The eurozone financial crisis is the greatest threat to European private equity, trumping more industry-specific concerns such as the availability of debt, the ability to fundraise, negative press coverage, reputational concerns and increased regulation. In a survey of more than 50 European GPs by Real Deals and Marsh, a global leader in insurance broking and risk management, 43 per cent of respondents said that the eurozone financial crisis was their biggest cause for concern (see chart, right).
“The eurozone financial crisis affects absolutely everything,” says Ross Marshall, senior partner at Dunedin. “Yes, we are concerned by the fundraising climate, debt markets and all those other things, but if the eurozone crisis deepens and you start having things like runs on banks and/or escalation of social discontent leading to civil disorder, then the whole risk appetite of the financial community changes and businesses will not want to invest for growth. It could be like Lehmans times ten.”
Private equity investors must face up to a new reality. “There are several risks on the horizon,” says Juan Barnechea Aldatz, managing director at Riverside Europe for Iberia and Southern Europe. “Regulatory risk and reduced fundraising are certainly issues, but the macroeconomies of Southern Europe and the lack of market growth is the biggest threat to the whole private equity industry. The industry as a whole will lose participants because they are not geared towards the new reality – low growth, low debt.”
The second-biggest concern, for 19 per cent of respondents, is the ability to raise funds. This can be seen on both the macro and micro level. “For those at the end of their investment period, the challenging fundraising environment is probably one of the biggest concerns,” says Philip Shuttleworth, finance director at ECI Partners. “With respect to deals, debt is available at sensible levels in the mid-market, even if pricing has been adjusted, but if the European financial crisis turns into a wider credit crisis, then fund flows into the industry may dry up.”
The lack of debt was the top concern for nine per cent of respondents because without leverage at the right price, the whole buyout model will cease to work. “The greatest threat to European private equity is the continued weakening of returns, which is a reflection of the lower availability of leverage and lower growth prospects in European economies,” says Markus Golser, senior partner at Graphite Capital. “It means that the industry as a whole ultimately has to choose between making higher-risk investments or accepting lower returns.”
The lack of debt finance is compounded by competition amongst private equity firms, which are sitting on substantial war chests, for assets. “An oversupply of capital is a risk,” says Philip Shapiro, managing partner at Synova Capital. “The amount of capital available to deploy is greater than the number of deals available. It drives up prices and that is a threat to returns.”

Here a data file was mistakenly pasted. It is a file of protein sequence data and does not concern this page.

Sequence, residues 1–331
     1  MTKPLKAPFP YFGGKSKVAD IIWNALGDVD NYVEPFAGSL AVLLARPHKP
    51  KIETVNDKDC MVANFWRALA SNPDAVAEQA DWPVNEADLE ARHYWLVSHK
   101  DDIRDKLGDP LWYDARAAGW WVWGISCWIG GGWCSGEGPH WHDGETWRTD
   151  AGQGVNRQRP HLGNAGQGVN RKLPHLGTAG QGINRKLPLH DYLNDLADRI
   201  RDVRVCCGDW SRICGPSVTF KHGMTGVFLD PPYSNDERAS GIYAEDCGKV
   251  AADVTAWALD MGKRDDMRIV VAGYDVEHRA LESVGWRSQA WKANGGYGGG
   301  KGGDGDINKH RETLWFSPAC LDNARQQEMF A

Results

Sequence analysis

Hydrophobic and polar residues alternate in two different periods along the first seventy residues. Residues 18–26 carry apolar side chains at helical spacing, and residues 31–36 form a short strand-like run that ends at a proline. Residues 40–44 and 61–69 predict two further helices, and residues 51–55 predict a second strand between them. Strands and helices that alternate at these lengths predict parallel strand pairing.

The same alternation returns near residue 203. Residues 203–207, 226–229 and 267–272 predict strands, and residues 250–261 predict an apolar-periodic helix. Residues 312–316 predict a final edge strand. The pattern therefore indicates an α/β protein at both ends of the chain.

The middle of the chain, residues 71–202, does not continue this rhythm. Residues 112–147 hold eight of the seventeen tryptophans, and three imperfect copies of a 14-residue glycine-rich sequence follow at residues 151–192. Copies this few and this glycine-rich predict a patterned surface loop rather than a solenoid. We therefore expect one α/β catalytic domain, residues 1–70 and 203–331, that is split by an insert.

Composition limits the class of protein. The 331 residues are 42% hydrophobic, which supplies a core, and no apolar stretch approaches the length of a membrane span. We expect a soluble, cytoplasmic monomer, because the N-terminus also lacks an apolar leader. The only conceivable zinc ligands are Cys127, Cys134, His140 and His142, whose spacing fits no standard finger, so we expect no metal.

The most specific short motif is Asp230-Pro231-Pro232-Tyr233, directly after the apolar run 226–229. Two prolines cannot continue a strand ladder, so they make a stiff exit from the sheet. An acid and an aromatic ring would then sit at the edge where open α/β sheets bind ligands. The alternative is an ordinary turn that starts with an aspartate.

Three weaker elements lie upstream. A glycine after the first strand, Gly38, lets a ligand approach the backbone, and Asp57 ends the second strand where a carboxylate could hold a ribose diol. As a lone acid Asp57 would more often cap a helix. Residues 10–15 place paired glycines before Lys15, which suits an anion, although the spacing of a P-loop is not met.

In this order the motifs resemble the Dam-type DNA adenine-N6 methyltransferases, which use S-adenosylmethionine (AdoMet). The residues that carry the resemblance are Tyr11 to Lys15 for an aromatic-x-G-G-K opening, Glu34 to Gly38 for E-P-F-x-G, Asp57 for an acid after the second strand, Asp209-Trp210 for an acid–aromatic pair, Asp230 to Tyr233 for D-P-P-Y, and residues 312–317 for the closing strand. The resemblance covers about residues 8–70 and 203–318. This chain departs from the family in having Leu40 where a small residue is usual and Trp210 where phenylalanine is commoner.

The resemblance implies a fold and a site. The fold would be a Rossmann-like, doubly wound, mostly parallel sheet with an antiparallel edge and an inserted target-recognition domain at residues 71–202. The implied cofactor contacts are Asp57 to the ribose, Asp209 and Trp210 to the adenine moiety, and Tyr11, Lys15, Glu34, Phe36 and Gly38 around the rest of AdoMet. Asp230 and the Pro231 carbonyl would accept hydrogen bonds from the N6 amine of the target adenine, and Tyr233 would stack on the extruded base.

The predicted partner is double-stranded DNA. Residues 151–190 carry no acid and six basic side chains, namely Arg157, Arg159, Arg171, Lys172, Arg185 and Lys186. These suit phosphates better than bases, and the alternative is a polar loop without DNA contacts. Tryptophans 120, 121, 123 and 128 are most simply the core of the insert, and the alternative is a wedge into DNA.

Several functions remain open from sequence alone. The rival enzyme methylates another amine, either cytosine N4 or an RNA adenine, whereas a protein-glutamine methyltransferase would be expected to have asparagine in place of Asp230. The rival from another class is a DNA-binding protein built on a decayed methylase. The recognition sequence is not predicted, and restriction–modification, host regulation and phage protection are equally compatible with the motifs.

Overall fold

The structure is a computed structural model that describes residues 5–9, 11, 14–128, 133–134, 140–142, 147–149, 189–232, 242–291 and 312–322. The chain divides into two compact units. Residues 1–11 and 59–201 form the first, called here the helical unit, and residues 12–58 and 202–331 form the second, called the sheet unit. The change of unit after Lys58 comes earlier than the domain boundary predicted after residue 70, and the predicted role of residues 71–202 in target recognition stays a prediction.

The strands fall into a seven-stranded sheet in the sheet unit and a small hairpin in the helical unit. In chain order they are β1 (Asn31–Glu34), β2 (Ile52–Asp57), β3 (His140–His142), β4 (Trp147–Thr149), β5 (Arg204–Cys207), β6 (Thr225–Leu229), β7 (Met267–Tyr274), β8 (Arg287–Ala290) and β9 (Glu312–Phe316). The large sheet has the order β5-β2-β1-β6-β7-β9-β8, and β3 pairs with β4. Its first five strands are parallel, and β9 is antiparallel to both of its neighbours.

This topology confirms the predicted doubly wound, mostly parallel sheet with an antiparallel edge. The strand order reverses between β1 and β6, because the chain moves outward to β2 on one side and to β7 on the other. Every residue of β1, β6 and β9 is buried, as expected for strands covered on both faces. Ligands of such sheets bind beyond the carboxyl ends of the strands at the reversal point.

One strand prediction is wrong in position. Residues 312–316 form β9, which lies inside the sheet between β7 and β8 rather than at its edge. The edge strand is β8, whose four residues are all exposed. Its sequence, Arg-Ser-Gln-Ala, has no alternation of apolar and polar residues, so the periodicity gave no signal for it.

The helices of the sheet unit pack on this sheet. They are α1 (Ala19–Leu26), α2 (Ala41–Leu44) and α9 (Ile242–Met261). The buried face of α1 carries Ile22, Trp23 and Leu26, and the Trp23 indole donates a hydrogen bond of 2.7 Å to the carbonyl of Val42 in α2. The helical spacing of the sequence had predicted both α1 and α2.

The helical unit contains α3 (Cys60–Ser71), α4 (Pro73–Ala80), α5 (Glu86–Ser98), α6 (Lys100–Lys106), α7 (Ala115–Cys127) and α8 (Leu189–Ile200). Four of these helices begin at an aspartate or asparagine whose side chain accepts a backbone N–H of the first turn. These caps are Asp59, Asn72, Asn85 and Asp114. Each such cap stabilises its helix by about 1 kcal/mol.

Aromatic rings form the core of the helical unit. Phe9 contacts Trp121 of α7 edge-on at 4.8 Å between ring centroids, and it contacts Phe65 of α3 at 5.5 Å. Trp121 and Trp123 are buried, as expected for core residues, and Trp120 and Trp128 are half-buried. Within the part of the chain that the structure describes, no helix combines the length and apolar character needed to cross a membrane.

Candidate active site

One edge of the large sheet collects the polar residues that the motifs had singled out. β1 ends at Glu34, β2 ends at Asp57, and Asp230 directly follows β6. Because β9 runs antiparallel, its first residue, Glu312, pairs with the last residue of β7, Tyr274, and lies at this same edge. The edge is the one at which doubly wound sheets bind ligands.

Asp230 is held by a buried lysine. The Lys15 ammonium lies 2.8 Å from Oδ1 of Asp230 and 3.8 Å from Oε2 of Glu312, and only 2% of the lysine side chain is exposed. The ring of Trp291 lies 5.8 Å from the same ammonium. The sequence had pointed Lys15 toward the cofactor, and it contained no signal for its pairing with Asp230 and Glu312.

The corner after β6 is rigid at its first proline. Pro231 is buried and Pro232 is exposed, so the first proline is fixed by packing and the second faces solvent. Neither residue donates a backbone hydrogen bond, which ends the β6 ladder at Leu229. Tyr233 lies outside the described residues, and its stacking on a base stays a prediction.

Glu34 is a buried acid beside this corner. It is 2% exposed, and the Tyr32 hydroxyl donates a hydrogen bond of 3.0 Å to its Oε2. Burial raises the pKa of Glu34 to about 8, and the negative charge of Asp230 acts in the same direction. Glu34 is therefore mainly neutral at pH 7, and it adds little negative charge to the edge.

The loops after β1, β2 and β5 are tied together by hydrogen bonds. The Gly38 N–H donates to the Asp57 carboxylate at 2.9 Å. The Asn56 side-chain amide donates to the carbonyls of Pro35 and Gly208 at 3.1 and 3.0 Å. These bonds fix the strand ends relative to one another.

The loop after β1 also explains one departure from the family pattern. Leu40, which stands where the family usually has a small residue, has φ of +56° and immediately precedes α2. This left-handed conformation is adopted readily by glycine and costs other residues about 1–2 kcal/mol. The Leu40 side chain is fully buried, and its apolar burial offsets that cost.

Andrew Hayden, managing partner at Sovereign Capital, sees fundraising as the biggest threat in terms of the volume of money coming into the industry and where that money will go. “The biggest threat is to the asset class itself, in that availability of funding is going to be tougher and there is a need for greater differentiation of funds, which I am not sure is there in the UK. If you are an investor, particularly in the US, you have to ask yourself a number of questions. Do you want to put money into Europe? Do you want to put money into the UK? Who do I want to invest with? There are a lot of me-too offerings and it is hard to see them all surviving.”
Some would argue that this is Darwinian and rather than leading to the death of the industry, will lead to a more efficient, vibrant – if smaller – marketplace. “Fundraising is very challenging, but in some ways you can look at that as a cleaning out of the closet,” says a risk manager.
Lower returns would obviously hit the ability of firms to raise funds and survive. “At the heart of the private equity business is long-term performance and ultimately performance, or otherwise, catches up with you,” says Mark Wignall, managing partner of Mobeus Private Equity. “That directly affects the ability to fundraise. If you can’t fundraise then eventually – and it takes a long time – you die.”
The private equity industry has been battered by negative press comment in recent years and some see this, or the industry’s reputation in general, as a significant threat. “Reputational concerns are the greatest threat to European private equity,” says the managing partner of a European private equity firm. “Increased regulation we can
and will have to deal with. Ditto negative press coverage. The ability to fundraise is in question but if you have the returns you will be able to raise money. Debt we know will come back. The financial crisis will be resolved one way or another.
“The biggest risk is reputational concerns because it impacts on everything. If we are seen as being a bad place to invest because at one end of the spectrum we as individuals are shysters who are trying to glean as much money as possible and pay no tax, and at the other are fighting any regulation and controls over us, then in the middle, where we are buying businesses, stripping them dry and making tons of money – which by the way we are not paying any tax on – that will have bigger long-term implications than any individual factor. It means we will get more regulation, it will be harder to raise money from all sources and it will be harder to make investments. It will make private equity a bad place to be.”